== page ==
Reliability of History AOK - 1

Knowledge Question: How does a historian assess the reliability of evidence (sources)?

Journal #1

Today we formed our groups which consisted of Diego, Muno, and Patrick. Our first area of knowledge that we chose to study was History. Initial thoughts I had about History and knowledge is the fact that there is a lot of bias and the facts cannot be completely reliable since there are many stories and many sources. I have to make sure to study for the quiz and I will do that by reading the key points and reading the definitions of certain important words. I hope to not fail.

Journal #2

I passed my quiz with an 8 out of 10!!!!!!!!!!! Now as a group we started to brainstorm ideas for our project. I came only at 9:00 so I missed the first hour of brainstorming. The two questions we had in mind were How does a historian assess the reliability of sources? AND Is it possible for historical writing to be free from perspective? We were debating on which question to use because we had presentation ideas for both. We did not have the time to chose our question this class, so we chose our knowledge question next work day.

Journal #3

This work day we chose our knowledge question and brainstormed with ideas. Mr. Morrison shut down all of our ideas so it was hard to come up with a solid idea. He kept insisting on choosing one source rather than two and compare them. So Patrick ended up reading the article about the Slocum Massacre and we ended up using this article for our presentation on history. We're going to assess the reliability of the source by seeing both sides of the story which is all included in this specific article.

Journal #4

I hope to achieve and teach the class about our view on history and its reliability. I want them to understand our source connection to the question and think of it as a reliable source. My goal for this presentation is to pass and help the class understand our view on history and its reliability.

Notes

A historian assesses the reliability of evidence by looking at the strength of the evidence, whether or not the details are agreed on by many people, the reliability of testimonies, and investigating any reasons for the story to be covered up or muddled.

The Slocum Massacre was an event that took place one day in Slocum, East Texas in 1910. A large amount of the white community went around town shooting any black residents, forcing the rest to flee, opening fire even as they left town. All buildings owned by black residents were burned down. As tragic, shocking, and high magnitude as the massacre was, most people haven’t heard of it. Some even believe it never happened.

Reasons as to why the massacre doesn’t exist in our known Texas history include a variety of possibilities, all of which are plausible. One reason is that many of the white citizens of Slocum didn’t want to mention it as it would soil their name and many of the black citizens of Slocum buried/disposed of the bodies of the dead to avoid further aggravating the attackers the day of the massacre. According to the article, it was also unknown who exactly the attackers were and who and how many exactly were shot. The reason the story was even looked into was because descendants of an escapee decided that they needed to honour the victims by immortalizing their story into part of Texas history forever. It is even possible that Texas doesn’t want to include this event into their history for it’s not anything to be proud of, an example of the bias of wanting to keep a certain public image affecting history.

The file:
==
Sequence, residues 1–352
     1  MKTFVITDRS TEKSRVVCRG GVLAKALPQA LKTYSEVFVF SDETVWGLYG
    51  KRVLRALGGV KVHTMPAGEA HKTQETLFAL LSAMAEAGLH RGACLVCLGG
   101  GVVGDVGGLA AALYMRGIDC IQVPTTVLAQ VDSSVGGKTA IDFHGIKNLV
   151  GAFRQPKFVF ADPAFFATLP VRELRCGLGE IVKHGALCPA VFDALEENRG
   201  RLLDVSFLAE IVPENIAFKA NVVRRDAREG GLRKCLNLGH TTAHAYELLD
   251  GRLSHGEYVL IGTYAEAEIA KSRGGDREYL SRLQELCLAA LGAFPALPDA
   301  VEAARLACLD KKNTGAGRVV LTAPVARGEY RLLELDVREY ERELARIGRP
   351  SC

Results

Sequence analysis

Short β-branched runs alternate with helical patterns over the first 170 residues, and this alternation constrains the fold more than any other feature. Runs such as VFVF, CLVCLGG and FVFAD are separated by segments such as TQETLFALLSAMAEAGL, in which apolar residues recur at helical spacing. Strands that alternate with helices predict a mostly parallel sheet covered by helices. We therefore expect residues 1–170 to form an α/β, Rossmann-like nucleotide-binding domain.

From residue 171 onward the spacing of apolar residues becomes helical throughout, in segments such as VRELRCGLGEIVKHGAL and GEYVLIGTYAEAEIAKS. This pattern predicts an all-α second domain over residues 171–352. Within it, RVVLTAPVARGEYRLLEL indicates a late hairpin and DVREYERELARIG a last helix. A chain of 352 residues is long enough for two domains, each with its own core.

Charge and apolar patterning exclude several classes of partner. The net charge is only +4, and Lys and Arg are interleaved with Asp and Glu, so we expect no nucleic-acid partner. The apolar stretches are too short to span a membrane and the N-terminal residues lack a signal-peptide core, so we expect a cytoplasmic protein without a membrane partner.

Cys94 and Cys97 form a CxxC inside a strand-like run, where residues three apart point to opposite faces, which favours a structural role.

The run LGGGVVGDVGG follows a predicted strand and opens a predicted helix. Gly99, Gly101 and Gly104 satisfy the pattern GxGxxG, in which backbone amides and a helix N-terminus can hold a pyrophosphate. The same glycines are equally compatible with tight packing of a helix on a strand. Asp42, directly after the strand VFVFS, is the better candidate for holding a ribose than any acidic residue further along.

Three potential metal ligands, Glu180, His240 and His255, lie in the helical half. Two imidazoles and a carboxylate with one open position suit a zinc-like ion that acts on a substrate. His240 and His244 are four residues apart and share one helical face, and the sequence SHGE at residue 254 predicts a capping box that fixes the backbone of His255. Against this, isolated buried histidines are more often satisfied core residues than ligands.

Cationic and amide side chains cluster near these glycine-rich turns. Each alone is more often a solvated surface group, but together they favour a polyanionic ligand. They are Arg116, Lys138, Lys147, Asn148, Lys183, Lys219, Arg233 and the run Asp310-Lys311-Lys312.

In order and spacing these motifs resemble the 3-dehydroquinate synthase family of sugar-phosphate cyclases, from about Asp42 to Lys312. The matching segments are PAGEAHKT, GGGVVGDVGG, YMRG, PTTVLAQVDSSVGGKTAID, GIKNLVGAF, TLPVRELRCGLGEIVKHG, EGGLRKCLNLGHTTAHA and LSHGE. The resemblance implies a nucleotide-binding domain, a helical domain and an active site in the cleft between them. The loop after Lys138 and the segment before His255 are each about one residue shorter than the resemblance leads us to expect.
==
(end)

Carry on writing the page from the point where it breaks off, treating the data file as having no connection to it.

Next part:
As historians, we can analyse this event for reliability of the evidence. Based on the article, much of the physical evidence doesn’t exist, but some of the men who opened fire were tried in court, and there have to be records of that. Most of what the family knows is based on word of mouth; they pass down the story to honor their past. So far it seems to be pretty unreliable. However, we can also look at the idea that Texas history doesn’t want this included as it’s a deplorable act that was more or less excused in the end. Also, the photo of the marker on the article we read seems to be censored, so that adds an extra layer of someone possibly trying to cover up something.

These external sources really help one understand how to evaluate a source and the connection history and human knowledge. The first external source is an article from Stanford. The second external source is a ted talk about the connection of history and knowledge. Both of them are very relevant to the topic.

This picture is the original tribute to the massacre. On the article we assessed our question on, this picture is covered with a white box. Someone must have done that to make the readers think this is all false. This is how historians "rewrite" history and this is how they assess the reliability of sources.

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